Everyone knows video games are big in Japan, but in recent years the question has been whether Japan’s still big in video games. “Japan is over. We're done. Our game industry is finished,” said Mega Man and Dead Rising creator Keiji Inafune at the Tokyo Game Show in 2009, and five years on there’s no doubt that the country has continued to lose the grip it once held on the gaming world. Whereas the biggest games in the PlayStation 2 era came from Japanese franchises like Final Fantasy and Resident Evil, the most recent console generation saw blockbuster development dominated by Western games like Call of Duty and Mass Effect.

“The mainstream industry in Japan is like a large tree that’s just begun to wilt. It’s still standing strong, it hasn’t collapsed just yet, but it’s not doing all that well,” Inafune told The Verge at BitSummit, a Kyoto indie-games festival in its second year. Inafune himself went independent in 2010, leaving giant developer Capcom to start his own studio called Comcept. He believes that indie games are the most exciting thing happening within the Japanese industry. “Indies have just sprouted above the ground. There’s still this monolithic large tree over the industry, but indies have popped up. Whether or not the big tree will fall, whether or not the indie scene will grow into a tree itself, I don’t know.”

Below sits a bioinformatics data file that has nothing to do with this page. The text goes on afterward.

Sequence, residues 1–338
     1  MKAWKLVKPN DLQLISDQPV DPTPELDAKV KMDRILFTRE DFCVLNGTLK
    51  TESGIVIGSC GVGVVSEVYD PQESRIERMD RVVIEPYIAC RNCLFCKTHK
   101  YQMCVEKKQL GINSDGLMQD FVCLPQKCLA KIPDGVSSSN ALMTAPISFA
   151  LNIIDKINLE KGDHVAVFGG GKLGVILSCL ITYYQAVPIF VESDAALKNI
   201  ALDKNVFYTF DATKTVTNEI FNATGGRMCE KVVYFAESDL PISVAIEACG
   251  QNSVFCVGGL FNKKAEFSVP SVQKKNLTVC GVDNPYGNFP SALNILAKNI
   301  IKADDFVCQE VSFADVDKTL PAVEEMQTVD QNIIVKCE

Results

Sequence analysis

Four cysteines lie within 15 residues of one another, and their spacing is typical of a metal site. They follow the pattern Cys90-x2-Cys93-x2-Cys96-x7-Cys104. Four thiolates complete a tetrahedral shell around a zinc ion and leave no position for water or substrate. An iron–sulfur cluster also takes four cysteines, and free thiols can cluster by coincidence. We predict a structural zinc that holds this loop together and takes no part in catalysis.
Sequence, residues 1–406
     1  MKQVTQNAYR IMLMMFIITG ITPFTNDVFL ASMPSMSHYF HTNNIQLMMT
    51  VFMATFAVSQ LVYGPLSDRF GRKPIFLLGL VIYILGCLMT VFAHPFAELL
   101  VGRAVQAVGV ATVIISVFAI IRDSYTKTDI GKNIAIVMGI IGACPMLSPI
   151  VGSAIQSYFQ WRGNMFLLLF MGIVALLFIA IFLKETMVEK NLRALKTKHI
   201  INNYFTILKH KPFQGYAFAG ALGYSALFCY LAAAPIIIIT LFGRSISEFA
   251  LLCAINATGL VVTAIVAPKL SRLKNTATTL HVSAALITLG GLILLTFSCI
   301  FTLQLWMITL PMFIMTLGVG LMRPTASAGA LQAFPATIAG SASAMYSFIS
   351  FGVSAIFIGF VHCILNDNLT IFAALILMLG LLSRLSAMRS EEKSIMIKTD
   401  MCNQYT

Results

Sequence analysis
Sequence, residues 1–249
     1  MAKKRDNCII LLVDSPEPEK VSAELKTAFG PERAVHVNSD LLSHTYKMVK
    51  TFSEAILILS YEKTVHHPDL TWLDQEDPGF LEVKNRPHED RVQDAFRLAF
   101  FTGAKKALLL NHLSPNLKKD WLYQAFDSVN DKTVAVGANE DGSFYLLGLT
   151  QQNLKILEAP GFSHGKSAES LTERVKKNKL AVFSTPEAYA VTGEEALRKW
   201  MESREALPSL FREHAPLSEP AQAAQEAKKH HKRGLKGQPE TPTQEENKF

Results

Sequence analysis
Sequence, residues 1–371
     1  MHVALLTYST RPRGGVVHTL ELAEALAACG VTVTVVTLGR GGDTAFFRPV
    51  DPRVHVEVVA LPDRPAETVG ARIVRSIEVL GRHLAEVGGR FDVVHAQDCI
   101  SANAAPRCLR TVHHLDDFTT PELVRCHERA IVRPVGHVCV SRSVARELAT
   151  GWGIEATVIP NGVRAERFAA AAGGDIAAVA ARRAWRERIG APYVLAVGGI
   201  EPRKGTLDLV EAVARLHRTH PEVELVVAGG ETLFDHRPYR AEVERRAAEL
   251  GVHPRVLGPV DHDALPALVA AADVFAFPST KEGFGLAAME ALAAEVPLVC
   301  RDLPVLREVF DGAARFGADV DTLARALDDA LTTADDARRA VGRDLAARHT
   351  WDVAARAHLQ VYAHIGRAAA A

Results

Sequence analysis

BitSummit opened with a man on a stage wearing a Famicom on his head. Professor Sakamoto — a musician and artist — wore a leather jacket, black turtleneck, and futuristic helmet upon which the 8-bit console was balanced. It was perhaps the best introduction for the show and its independent spirit; for the first time since the bedroom coders of the 1980s, there’s a viable route for Japanese developers to make their own games without needing to use a major publishing house to succeed. It’s a route that was forged in the West by developers such as Minecraft-maker Mojang, but Japan needs to catch up — if the Western industry is anything to go by, indie games could be the East’s best hope for regaining its creative spark.